Punk rock was built on anti-authoritarianism, but what’s a longtime punk rocker to do when the powers that be suddenly look less scary than the anti-vax, QAnon and other various creepy conspiracy theorists who oppose them? For Seized Up frontman Clifford Dinsmore, it’s a weird place to be.
“I’ve always written about mistrust of the government,” says Dinsmore. In fact he’s been doing so for almost four decades, since his group Bl’ast formed in 1983 and became the defining band to come out of the early Santa Cruz punk scene with albums like The Power of Expression and It’s In My Blood. Despite their reputation in the national hardcore scene, Bl’ast never really got the larger recognition they deserved, although Foo Fighters’ Dave Grohl (who has been a fan since his own days as an ’80s punker in the D.C. band Scream) gave their legacy a huge bump when he played on their reunion EP For Those Who’ve Graced the Fire in 2013.
In 2019, Dinsmore was recruited into the Santa Cruz punk supergroup Seized Up by bassist Chuck Platt of Santa Cruz’s Good Riddance; guitarist Danny Buzzard, who played in the ’90s Bay Area punk band All You Can Eat; and Andy Granelli, who drummed with L.A. punkers the Distillers in the early 2000s. More recently, Platt, Buzzard and Granelli had played together in the thrash-y Santa Cruz hardcore band Fast Asleep, and when they had an idea for a new project, Platt says they had to get Dinsmore because “nobody writes lyrics like he does.”
So now Dinsmore finds himself reflecting on this upside-down political landscape, where “what’s scarier than anything is these meatheads all over the place ready for some kind of civil war.” He’s unnerved by how anti-vaxxers on both the left and right, rather than embracing the opportunity to do the right thing for their community, falsely claim vaccines are some kind of rights issue to be debated.
“We have vaccines for a reason,” he says. “It’s not about control.” But he wonders if anti-vaxxers’ paranoia will be a self-fulfilling prophecy, as the rest of society has to enact stricter and stricter measures to limit the damage from vaccine ignorance. “People’s lack of ability to govern themselves and take a little bit of responsibility on their own means it’s going to have to get more and more extreme,” he says, bewildered. “The more people keep being stupid, the more it provides the basis to be controlled.”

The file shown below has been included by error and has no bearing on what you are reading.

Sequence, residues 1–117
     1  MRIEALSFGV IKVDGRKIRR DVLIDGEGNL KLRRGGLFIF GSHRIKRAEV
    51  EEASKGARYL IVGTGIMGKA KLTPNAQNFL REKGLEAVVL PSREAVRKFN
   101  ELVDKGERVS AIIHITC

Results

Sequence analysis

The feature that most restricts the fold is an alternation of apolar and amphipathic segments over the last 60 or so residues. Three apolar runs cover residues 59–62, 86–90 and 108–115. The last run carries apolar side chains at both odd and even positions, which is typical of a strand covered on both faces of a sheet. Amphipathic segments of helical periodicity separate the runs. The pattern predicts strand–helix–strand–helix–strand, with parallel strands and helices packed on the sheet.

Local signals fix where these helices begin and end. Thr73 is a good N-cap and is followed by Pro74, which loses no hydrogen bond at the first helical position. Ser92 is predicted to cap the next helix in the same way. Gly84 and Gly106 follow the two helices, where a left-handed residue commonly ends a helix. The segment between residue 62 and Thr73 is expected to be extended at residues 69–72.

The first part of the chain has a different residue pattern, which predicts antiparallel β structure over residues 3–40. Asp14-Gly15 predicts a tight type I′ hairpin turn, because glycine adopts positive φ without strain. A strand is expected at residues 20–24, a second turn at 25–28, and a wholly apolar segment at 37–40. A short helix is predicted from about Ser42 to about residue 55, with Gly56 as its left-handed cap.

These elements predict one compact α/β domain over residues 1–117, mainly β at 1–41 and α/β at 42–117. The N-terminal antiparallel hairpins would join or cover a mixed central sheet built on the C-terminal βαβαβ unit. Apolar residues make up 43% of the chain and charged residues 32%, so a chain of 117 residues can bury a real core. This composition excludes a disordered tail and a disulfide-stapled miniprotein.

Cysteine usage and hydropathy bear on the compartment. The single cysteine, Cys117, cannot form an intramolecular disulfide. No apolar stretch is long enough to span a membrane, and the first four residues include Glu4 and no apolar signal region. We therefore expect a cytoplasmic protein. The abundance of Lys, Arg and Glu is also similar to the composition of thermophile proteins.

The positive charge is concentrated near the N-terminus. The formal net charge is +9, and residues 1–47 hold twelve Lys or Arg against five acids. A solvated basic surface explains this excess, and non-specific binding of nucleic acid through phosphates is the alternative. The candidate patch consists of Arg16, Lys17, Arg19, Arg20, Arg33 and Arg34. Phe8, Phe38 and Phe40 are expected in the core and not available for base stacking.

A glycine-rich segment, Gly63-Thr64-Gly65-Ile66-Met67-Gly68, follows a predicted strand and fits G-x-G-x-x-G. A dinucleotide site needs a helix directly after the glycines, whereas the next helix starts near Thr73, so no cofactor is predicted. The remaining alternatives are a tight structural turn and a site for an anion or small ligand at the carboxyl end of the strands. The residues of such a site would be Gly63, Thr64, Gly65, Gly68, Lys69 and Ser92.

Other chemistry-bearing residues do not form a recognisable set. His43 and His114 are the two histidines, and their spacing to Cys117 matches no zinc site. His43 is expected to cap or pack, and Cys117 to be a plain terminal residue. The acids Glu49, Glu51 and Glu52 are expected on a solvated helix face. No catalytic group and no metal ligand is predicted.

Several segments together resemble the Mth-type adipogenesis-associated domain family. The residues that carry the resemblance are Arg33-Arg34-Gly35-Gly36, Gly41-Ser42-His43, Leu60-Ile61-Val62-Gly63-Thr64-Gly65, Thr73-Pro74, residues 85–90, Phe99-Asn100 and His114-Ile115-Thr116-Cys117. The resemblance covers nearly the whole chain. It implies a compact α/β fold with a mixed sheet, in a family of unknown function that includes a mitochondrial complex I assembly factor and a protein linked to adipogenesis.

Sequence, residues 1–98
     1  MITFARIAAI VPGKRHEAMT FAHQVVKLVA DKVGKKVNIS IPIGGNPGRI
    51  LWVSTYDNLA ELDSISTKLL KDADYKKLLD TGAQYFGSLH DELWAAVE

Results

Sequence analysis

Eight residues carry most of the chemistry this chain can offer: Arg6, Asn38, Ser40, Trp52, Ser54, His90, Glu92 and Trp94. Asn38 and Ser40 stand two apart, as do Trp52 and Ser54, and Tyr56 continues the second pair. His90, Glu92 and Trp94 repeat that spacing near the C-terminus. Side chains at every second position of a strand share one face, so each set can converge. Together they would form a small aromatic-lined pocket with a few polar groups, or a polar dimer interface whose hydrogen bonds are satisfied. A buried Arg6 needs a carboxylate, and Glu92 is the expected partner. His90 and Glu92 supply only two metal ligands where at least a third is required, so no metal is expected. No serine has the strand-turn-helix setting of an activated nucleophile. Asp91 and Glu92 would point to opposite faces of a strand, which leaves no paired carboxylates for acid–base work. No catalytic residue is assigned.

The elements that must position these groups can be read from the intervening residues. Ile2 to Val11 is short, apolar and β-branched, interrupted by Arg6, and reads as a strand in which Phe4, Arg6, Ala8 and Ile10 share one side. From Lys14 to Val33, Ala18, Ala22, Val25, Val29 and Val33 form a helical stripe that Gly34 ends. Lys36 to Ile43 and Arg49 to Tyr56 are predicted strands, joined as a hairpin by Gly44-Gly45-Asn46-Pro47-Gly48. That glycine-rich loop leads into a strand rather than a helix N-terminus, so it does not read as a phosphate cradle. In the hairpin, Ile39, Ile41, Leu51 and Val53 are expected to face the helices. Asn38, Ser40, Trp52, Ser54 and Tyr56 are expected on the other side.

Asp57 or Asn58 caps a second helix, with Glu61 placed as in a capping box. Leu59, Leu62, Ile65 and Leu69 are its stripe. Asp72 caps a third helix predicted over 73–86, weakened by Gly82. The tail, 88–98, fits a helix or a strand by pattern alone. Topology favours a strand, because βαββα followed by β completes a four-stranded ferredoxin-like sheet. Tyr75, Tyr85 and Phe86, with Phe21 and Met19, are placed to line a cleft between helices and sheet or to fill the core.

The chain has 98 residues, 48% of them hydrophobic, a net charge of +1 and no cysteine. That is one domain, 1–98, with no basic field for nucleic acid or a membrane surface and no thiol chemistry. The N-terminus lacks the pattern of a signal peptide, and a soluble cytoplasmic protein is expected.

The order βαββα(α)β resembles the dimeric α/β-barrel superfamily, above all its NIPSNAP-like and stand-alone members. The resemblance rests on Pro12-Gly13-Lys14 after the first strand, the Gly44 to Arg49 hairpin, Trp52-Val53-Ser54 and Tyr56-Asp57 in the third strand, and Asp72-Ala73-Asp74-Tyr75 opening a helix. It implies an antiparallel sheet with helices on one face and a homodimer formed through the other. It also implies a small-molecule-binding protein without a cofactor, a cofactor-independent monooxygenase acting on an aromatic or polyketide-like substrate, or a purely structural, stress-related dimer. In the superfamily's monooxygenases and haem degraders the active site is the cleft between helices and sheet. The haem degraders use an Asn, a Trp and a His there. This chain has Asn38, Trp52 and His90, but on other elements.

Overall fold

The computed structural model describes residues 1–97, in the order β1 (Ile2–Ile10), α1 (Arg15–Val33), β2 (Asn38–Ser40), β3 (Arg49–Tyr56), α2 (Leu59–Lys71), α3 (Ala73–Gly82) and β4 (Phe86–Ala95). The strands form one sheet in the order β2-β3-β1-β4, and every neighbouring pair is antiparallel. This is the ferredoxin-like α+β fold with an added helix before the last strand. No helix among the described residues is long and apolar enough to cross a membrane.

It’s a nuanced argument, but then Dinsmore has never been one to oversimplify things. On Seized Up’s debut album Brace Yourself, he takes on issues that have torn apart Santa Cruz, like gentrification (“Taking Back the Neighborhood”) and the homeless problem (“Tent City Exodus”), without shying away from any of the brutal reality—but also without pretending there’s some easy solution.
“It’s more from an observational point of view, not a blame game,” he says.
Though Brace Yourself came out last year, it never got a proper release show; in fact, Seized Up only got to play three gigs total before the pandemic shut everything down. Now the band will finally get a chance to give it one when they play Moe’s Alley on Sept. 17. Unfortunately, the issues Dinsmore sings about on the album have only gotten more relevant since the album’s release.
“It’s the super-rich and the super-poor,” he says of the Santa Cruz extremes he wrote about on Brace Yourself. “It doesn’t seem like there’s going to be room left for anything in between. If you’re just working a normal job, how do you even think about paying rent in this town?”
What Dinsmore’s approach ultimately speaks to is the humanism that transcends punk rock’s supposedly knee-jerk approach to rebellion. Yeah, there are plenty of reasons to give the middle finger to the Man, but when the protests start making less sense than the policies, the real punks are calling it like they see it—for the people.
Seized Up will play on Friday, Sept. 17, at Moe’s Alley, 1535 Commercial Way, Santa Cruz. Enemy of My Enemy and Mondo Chaga open. Doors 8pm, show 9pm; $15/$20. Proof of vaccination or negative Covid test required for entry. moesalley.com.